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Schläfli Symbol In geometry , the SCHLäFLI SYMBOL is a notation of the form {p,q,r,...} that defines regular polytopes and tessellations . The Schläfli symbol Schläfli symbol is named after the 19thcentury Swiss mathematician Ludwig Schläfli , who made important contributions in geometry and other areas [...More...]  "Schläfli Symbol" on: Wikipedia Yahoo 

Octahedral Symmetry A regular octahedron has 24 rotational (or orientationpreserving) symmetries, and a symmetry order of 48 including transformations that combine a reflection and a rotation. A cube has the same set of symmetries, since it is the dual of an octahedron. The group of orientationpreserving symmetries is S4, the symmetric group or the group of permutations of four objects, since there is exactly one such symmetry for each permutation of the four pairs of opposite sides of the octahedron [...More...]  "Octahedral Symmetry" on: Wikipedia Yahoo 

Facet (mathematics) In geometry , a FACET is a feature of a polyhedron , polytope , or related geometric structure, generally of dimension one less than the structure itself. * In threedimensional geometry a FACET of a polyhedron is any polygon whose corners are vertices of the polyhedron, and is not a face . To FACET a polyhedron is to find and join such facets to form the faces of a new polyhedron; this is the reciprocal process to stellation and may also be applied to higherdimensional polytopes . * In polyhedral combinatorics and in the general theory of polytopes , a FACET of a polytope of dimension n is a face that has dimension n − 1. Facets may also be called (n − 1)faces. In threedimensional geometry, they are often called "faces" without qualification. * A FACET of a simplicial complex is a maximal simplex, that is a simplex that is not a face of another simplex of the complex [...More...]  "Facet (mathematics)" on: Wikipedia Yahoo 

Icosahedral Symmetry A regular icosahedron has 60 rotational (or orientationpreserving) symmetries, and a symmetry order of 120 including transformations that combine a reflection and a rotation. A regular dodecahedron has the same set of symmetries, since it is the dual of the icosahedron. The set of orientationpreserving symmetries forms a group referred to as A5 (the alternating group on 5 letters), and the full symmetry group (including reflections) is the product A5 × Z2. The latter group is also known as the Coxeter group H3, and is also represented by Coxeter notation , and Coxeter diagram [...More...]  "Icosahedral Symmetry" on: Wikipedia Yahoo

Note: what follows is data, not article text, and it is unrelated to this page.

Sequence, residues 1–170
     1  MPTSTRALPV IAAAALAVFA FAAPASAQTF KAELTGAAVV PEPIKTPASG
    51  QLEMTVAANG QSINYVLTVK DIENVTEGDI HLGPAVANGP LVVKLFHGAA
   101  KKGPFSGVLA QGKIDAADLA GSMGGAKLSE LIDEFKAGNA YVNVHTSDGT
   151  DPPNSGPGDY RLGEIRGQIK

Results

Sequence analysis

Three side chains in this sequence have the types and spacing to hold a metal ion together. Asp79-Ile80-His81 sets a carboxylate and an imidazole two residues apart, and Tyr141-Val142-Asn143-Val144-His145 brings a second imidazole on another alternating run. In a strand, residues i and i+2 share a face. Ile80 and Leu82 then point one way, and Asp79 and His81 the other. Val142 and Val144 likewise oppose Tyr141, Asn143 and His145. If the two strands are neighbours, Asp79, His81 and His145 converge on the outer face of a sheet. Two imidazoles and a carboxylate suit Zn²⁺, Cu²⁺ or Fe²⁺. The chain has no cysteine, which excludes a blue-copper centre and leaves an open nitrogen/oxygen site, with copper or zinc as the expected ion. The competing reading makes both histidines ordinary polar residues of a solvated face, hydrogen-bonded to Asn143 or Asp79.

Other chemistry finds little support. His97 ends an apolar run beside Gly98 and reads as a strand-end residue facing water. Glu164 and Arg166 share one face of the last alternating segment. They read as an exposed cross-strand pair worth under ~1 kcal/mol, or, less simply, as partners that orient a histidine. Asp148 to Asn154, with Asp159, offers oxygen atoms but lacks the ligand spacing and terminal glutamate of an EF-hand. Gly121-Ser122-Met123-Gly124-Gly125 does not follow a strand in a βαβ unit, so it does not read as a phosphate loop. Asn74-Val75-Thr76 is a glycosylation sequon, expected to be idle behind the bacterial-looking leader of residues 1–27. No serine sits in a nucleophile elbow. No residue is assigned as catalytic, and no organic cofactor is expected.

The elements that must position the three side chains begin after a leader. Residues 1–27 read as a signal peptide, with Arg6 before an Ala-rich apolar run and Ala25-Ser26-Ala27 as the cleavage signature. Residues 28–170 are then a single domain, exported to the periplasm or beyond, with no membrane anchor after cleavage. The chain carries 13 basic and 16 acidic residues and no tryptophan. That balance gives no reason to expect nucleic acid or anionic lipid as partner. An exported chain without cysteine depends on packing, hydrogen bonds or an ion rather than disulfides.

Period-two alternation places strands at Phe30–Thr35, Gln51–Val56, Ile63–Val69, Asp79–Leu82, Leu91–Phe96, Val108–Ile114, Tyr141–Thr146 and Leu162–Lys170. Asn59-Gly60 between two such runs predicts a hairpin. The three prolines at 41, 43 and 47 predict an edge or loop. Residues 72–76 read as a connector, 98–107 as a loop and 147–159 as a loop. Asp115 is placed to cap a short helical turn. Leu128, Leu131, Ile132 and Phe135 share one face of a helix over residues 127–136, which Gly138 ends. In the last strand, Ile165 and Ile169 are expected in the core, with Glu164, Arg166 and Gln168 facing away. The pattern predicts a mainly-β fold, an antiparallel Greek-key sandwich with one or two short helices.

4polytope In geometry , a 4POLYTOPE (sometimes also called a POLYCHORON, POLYCELL, or POLYHEDROID) is a fourdimensional polytope . It is a connected and closed figure, composed of lowerdimensional polytopal elements: vertices , edges , faces (polygons ), and cells (polyhedra ). Each face is shared by exactly two cells. The twodimensional analogue of a 4polytope 4polytope is a polygon , and the threedimensional analogue is a polyhedron . Topologically 4polytopes are closely related to the uniform honeycombs , such as the cubic honeycomb , which tessellate 3space; similarly the 3D cube is related to the infinite 2D square tiling . Convex 4polytopes can be cut and unfolded as nets in 3space [...More...]  "4polytope" on: Wikipedia Yahoo 

Angular Defect In geometry , the (ANGULAR) DEFECT (or DEFICIT or DEFICIENCY) means the failure of some angles to add up to the expected amount of 360° or 180°, when such angles in the plane would. The opposite notion is the excess . Classically the defect arises in two ways: * the defect of a vertex of a polyhedron; * the defect of a hyperbolic triangle ;and the excess also arises in two ways: * the excess of a toroidal polyhedron . * the excess of a spherical triangle ;In the plane, angles about a point add up to 360°, while interior angles in a triangle add up to 180° (equivalently, exterior angles add up to 360°). However, on a convex polyhedron the angles at a vertex on average add up to less than 360°, on a spherical triangle the interior angles always add up to more than 180° (the exterior angles add up to less than 360°), and the angles in a hyperbolic triangle always add up to less than 180° (the exterior angles add up to more than 360°) [...More...]  "Angular Defect" on: Wikipedia Yahoo